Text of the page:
First, some statistics. In 2017, there were 987 Americans killed by American police forces. Out of those 987, 940 were male. 457 were White. And 223 were Black. In other words, while African Americans make up between 12-14% of the population of the United States of America, they make up about 24% of the deaths-by-police. That’s basically double the rate, and an astounding display of institutionalised racist violence.
It’s depressing to think too how many of these African Americans are killed by police following a simple traffic stop. For Black Americans, getting pulled over by the police, for any reason, can be a state-sanctioned death sentence. Even worse: Too often the result is an African American dead, and a police officer exonerated and unpunished, partly as a result of a system that protects its own while relying on a lack of evidence from the crime scene, or on the poor quality of any evidence that might be present. Of course, sometimes the evidence is still there, clear as day, and justice is still not served. Such is life in a state with white supremacy woven into its DNA. The only cure is a complete dismantling of the architecture of oppression.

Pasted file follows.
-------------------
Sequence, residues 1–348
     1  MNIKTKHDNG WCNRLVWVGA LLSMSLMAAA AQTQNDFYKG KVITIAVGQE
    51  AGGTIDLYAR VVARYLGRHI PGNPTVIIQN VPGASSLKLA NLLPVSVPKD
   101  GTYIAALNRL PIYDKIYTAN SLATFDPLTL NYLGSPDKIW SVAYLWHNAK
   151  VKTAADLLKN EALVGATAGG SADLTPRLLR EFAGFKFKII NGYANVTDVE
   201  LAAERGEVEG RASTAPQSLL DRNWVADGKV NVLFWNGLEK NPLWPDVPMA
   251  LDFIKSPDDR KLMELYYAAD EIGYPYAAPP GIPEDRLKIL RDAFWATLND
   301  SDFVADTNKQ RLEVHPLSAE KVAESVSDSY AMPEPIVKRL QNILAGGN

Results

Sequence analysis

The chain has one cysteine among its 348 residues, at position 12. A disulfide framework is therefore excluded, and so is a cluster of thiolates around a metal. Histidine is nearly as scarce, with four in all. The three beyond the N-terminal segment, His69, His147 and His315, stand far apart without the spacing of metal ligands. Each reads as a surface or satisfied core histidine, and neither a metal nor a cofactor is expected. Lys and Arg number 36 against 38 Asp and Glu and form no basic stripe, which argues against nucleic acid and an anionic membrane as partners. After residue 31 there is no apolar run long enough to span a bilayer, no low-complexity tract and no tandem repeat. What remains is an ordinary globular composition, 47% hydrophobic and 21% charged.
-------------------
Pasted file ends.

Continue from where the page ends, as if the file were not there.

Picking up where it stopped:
However, while that may be the only cure, there is now a band-aid of sorts. An app that activates when you tell it you’re being stopped by the police, recording the interaction and sending the video, and a text message, to a predetermined contact. The app for iOS 12 is called ‘Police’ and it acts as a public version of the (oft-turned off) police body cam, switching on when you say, for example, ‘Siri, I’m getting pulled over.’ Developed by Robert Peterson, a developer from Arizona, ‘Police’ runs on the new iOS script system called Shortcuts, which allows you to stitch together workflows of several different apps. When you invoke it by speaking the key phrase, the app pauses any music you might be playing, dims the screen, switches on the front camera, and starts recording, sending the results on to anyone you tell it to beforehand. It is not the first of its kind, with the ACLU and others having developed similar systems for recording police encounters before, but any addition to this civilian arsenal in the battle against police brutality is more than welcome.
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